lreid at cs.okstate.edu
Fri Jun 5 14:13:46 UTC 2009
Written by Steve Bertrand on 06/05/09 08:43>>
>> Despite frustrations try to remember, it's not the tech support
>> people's fault. They're just there 8-5 trying to make rent and pay for
>> their kids dental. If you want to blame somebody, blame management.
> The tech support people do what they are told to do. If you've ever had
> a job in which every single incoming call is someone who is frustrated,
> angry and is going to take it out on *you*, it might be understandable
> why the tech support call centre business is like an employee revolving
> door, and they can't keep anyone longer than a few months.
I did the support gig for the better part of two years when I started
school. It was difficult, especially when the people that were
frustrated, angry, and determined to take it out on me had broken or
ancient hardware and lived out in the boondocks where audible crackling
could be heard over the same phone line they were using to dial in with.
I even had a guy call in once who got irate with me because I wouldn't
help him troubleshoot why his video card was displaying only 256 colors.
He just wanted someone to be mad at, and I was it.
> I've been in the industry quite a while, and I would hazard a guess that
> about 85% of tech support calls incoming would be user error.
> Unless it's a relatively small ISP, you can't expect the tech support
> people to be able to answer questions relating to the engineering of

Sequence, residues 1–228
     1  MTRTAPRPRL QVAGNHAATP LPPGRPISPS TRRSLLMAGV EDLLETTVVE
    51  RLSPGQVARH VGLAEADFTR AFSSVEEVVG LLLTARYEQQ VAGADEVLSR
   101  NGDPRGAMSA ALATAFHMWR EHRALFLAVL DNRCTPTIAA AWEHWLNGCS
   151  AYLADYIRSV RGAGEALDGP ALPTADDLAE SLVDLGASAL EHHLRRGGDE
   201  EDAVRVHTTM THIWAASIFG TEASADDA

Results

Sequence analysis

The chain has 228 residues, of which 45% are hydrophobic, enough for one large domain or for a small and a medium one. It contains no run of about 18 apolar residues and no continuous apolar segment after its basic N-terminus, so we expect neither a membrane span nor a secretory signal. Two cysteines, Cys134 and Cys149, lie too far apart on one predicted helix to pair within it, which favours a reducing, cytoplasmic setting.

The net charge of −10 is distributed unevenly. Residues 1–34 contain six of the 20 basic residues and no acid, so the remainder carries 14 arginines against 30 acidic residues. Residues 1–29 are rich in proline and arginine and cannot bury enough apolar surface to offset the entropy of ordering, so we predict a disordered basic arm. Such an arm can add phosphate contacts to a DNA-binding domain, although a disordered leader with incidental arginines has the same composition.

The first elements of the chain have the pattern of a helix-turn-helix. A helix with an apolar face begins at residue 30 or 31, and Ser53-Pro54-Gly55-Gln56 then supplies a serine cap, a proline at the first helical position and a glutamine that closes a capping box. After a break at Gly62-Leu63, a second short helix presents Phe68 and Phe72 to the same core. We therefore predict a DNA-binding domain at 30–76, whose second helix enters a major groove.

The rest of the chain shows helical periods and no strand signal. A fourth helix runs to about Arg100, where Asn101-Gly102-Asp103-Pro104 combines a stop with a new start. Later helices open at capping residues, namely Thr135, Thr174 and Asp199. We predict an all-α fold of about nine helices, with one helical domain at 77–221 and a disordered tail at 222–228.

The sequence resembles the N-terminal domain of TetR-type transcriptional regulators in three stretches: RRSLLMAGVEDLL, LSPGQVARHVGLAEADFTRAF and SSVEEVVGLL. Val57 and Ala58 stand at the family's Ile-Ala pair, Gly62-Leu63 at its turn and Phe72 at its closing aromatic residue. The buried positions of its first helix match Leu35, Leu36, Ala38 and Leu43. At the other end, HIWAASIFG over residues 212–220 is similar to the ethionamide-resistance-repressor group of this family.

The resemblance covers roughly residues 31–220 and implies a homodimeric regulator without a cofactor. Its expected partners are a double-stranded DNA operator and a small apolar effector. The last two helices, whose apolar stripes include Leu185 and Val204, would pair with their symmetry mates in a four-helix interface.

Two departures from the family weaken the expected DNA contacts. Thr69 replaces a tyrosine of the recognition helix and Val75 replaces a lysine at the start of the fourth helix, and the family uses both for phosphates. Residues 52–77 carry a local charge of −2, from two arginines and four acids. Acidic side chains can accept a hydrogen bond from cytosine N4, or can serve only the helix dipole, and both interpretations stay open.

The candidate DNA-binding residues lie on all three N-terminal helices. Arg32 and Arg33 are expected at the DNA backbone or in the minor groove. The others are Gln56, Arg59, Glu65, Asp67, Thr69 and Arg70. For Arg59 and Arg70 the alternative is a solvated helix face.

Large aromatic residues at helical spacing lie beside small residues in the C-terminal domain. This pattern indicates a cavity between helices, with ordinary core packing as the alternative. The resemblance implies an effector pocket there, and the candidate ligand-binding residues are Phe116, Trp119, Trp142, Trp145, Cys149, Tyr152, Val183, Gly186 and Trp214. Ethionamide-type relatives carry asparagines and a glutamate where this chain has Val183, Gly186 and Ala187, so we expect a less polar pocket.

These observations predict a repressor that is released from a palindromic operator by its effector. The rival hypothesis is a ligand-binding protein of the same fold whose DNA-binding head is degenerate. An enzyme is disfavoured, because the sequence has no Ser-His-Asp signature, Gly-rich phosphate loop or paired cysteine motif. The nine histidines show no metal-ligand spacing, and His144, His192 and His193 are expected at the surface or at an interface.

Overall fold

> their network (how many hops to the core), what software they run on
> their servers etc.
This is very true. When the ISP I worked at was smaller and had a
support staff of around 10 people, and the network engineers where in
the next room, everyone knew what servers ran what services, what type
of machines they were, what versions of what operating systems were one
them, how to edit the zone files, etc. When that ISP was acquired by a
larger one, and operations expanded and the different departments
separated, things started getting dumb. Rapidly.
> Perhaps if people were to call into their tech support helpdesk every
> once in a while when they *aren't* having any issues just to tell them
> that their doing a heck of a job, and to have a nice day, you might find
> the staff willing to stay around a bit longer and become a little more
> knowledgeable for the next time one calls.
IMO, I think it's more laudable to take a minute to calm down when you
have an issue, take a deep breath, consider the position of the guy/girl
on the other end, and then make your tech support call with the
intention of making it productive for the poor dude/lady who is likely
getting bitched at not only from other users, but from his/her own
management as well for having an average call time over 5 minutes or for
taking a 16 minute break when only 15 minutes are allowed. Recognize
that every time that rep's phone rings, he/she feels a wave of horror
and anxiety for what might be on the other end - some problem they can't
solve, and irate user, a fed up user calling to cancel (but management
won't allow them to comply without trying to dissuade the user or put
them through a lengthy exit poll), or maybe the first call to mark the
beginning of an outage, sure to be followed by nothing but irate callers
for the next several hours.
More information about the freebsd-questions